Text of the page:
TheQuietGamer’s review published on Letterboxd:
Essentially a story about how much of our lives we lose to our jobs. When a corporate assassin with a penchant for taking over other people's bodies' latest hit goes south the real villain isn't the re-emerging consciousness of her host, but rather her boss who would love nothing more than for her top performer to sever all ties (particularly familial) to anything outside of the workplace until her identity is nothing more than that of a wholly devoted employee. This core subject matter and allegory will likely strike a chord with anyone who has experienced a career that demands a lot of mandatory overtime, extended stretches away from home, or just comes with the feeling of not having much time for anything else.
The movie toys around with some other compelling concepts as well. Like how companies violate our privacy to harvest our information or a key element of the plot being centered around the female protagonist inhabiting the body of a man and experiencing what it's like to have a penis as a result. The latter of which leads to a sex scene that will certainly leave viewers with plenty to chew on. The problem is that these scenes are more just interesting moments rather than fully fleshed out ideas that offer anything to say on the topics of gender identity, sexuality, or the unauthorized collection and selling of our personal data.
As important as the messaging and morals are, it's ultimately the visuals that will determine whether or not you enjoy the experience. Possessor deals in hardcore violent and sexual imagery. Expect erect penises, vulvas, and brutal murders galore. This kind of content will simply prove too much for some people. None of it comes off as shock value however, and there are plenty of sights that rely less on visceral horror in favor of a more psychological approach. Such as a battle that takes place entirely in the mental realm and concludes with the victor literally wearing the other's identity as a mask and being forced to contend with then becoming the owner of two sets of memories in what is easily the highlight of the film.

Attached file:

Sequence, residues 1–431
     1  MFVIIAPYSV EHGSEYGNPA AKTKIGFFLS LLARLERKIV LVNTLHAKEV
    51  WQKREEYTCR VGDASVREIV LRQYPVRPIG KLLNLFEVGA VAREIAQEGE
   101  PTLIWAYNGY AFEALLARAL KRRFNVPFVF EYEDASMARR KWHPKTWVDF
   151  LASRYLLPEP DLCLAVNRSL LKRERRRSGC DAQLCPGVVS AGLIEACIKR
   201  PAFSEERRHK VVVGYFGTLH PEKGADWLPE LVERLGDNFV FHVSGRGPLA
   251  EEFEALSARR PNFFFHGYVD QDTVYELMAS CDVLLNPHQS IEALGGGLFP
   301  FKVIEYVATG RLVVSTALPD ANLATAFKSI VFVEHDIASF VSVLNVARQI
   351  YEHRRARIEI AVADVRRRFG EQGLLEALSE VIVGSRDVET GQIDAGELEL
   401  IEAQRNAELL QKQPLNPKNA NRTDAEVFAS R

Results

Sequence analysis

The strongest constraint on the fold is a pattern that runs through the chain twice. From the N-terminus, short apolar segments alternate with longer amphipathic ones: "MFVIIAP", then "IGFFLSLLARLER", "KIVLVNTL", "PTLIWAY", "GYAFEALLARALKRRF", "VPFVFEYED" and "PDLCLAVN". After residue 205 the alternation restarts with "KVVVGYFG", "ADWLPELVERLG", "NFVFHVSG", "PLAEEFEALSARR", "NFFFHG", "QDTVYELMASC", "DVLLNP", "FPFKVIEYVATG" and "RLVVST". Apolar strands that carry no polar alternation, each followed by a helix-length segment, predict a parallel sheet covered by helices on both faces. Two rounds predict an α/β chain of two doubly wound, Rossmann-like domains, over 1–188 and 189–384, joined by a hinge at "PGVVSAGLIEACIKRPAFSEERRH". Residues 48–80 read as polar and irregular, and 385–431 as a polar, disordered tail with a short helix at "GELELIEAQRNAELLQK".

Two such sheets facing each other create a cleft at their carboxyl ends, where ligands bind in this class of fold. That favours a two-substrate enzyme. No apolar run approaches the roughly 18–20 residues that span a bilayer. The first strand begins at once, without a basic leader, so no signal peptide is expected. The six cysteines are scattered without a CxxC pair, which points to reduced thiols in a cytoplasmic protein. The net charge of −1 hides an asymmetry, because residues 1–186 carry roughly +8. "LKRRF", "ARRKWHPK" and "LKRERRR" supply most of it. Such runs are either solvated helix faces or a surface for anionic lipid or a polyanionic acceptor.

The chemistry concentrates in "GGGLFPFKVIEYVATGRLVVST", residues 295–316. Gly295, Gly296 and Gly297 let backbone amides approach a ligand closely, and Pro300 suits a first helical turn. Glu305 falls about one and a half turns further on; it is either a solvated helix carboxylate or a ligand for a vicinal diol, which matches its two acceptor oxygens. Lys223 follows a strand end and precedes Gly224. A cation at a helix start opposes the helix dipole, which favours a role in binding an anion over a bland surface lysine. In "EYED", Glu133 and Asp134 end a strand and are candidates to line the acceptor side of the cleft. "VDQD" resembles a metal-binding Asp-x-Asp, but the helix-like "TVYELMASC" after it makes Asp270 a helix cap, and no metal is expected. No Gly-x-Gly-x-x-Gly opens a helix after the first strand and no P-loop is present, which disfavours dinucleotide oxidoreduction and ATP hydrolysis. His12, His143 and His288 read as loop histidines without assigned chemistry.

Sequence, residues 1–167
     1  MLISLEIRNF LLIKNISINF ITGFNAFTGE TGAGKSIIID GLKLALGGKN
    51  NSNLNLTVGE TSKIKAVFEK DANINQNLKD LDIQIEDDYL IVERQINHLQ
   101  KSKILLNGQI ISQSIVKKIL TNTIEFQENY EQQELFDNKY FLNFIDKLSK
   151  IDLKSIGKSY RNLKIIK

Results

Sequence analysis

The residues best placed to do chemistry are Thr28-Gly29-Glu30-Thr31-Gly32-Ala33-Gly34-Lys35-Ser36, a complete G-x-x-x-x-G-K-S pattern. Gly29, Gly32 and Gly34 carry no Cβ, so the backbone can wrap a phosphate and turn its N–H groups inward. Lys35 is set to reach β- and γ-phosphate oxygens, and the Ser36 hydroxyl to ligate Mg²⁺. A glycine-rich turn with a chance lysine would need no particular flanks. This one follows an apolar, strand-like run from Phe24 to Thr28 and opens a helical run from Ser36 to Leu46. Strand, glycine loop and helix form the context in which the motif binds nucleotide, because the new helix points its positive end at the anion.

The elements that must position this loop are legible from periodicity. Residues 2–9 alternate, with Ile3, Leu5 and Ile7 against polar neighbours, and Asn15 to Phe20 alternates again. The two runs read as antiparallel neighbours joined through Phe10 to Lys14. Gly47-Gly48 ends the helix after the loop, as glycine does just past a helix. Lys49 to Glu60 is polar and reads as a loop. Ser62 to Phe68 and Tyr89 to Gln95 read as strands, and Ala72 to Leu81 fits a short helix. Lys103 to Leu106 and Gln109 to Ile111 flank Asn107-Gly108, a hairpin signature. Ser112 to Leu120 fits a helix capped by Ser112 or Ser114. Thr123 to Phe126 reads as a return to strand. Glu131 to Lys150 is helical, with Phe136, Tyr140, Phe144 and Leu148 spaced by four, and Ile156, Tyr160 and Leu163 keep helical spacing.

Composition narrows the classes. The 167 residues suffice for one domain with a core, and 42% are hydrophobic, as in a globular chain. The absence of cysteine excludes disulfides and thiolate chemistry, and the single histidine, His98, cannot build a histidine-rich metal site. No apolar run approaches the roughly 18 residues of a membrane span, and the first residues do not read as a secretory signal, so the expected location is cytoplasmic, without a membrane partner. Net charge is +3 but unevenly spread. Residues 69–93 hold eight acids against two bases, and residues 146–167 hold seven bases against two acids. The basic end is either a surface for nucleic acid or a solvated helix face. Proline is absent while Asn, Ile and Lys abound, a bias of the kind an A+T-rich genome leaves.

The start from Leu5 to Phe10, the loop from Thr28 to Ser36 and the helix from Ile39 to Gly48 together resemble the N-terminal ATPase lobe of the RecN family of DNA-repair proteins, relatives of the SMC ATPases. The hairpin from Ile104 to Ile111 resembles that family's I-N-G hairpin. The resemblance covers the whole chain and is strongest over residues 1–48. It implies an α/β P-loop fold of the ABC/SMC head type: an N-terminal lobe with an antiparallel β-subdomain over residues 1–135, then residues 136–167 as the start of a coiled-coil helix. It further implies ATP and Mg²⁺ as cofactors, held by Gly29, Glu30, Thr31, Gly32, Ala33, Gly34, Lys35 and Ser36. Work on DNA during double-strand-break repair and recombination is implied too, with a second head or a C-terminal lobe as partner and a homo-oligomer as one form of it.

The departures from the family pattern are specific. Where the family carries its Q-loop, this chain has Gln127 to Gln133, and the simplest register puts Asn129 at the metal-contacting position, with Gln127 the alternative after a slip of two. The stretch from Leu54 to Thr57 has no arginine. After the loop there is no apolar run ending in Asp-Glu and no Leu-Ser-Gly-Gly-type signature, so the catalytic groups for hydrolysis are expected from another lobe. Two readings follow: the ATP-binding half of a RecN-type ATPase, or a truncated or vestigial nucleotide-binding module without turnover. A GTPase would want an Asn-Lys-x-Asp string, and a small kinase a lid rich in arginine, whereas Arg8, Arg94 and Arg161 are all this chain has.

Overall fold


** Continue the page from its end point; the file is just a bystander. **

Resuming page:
Yet, for all of its sick, stylish thrills that are certainly entertaining and intriguing to witness in the moment, there's nothing here that's quite haunting enough to stick with you for long after the credits have rolled. It's the one real downfall that keeps Possessor from being something that I can absolutely rave about. It's definitely good and certainly has some merit in its potential to appeal to both the art house crowd and a more blue collar audience, but it's missing something really powerful that would have allowed it to reach the levels of peak cinema it was perhaps going for. I can and will still recommend it, but you should probably temper your expectations before going in.